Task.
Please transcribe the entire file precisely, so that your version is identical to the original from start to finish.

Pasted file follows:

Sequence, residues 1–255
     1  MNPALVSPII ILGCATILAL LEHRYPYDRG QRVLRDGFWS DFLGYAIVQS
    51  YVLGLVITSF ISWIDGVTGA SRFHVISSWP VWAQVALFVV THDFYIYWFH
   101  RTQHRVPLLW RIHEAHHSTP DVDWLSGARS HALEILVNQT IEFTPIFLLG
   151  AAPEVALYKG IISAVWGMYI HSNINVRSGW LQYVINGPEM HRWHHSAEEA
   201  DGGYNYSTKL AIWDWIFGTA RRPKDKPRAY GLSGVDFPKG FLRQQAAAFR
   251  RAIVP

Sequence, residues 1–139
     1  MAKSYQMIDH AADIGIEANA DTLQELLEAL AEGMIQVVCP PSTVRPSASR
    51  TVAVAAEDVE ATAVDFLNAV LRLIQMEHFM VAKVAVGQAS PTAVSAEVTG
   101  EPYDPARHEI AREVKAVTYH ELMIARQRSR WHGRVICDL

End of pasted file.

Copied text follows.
Sequence, residues 1–255
     1  MNPALVSPII ILGCATILAL LEHRYPYDRG QRVLRDGFWS DFLGYAIVQS
    51  YVLGLVITSF ISWIDGVTGA SRFHVISSWP VWAQVALFVV THDFYIYWFH
   101  RTQHRVPLLW RIHEAHHSTP DVDWLSGARS HALEILVNQT IEFTPIFLLG
   151  AAPEVALYKG IISAVWGMYI HSNINVRSGW LQYVINGPEM HRWHHSAEEA
   201  DGGYNYSTKL AIWDWIFGTA RRPKDKPRAY GLSGVDFPKG FLRQQAAAFR
   251  RAIVP

Sequence, residues 1–139
     1  MAKSYQMIDH AADIGIEANA DTLQELLEAL AEGMIQVVCP PSTVRPSASR
    51  TVAVAAEDVE ATAVDFLNAV LRLIQMEHFM VAKVAVGQAS PTAVSAEVTG
   101  EPYDPARHEI AREVKAVTYH ELMIARQRSR WHGRVICDL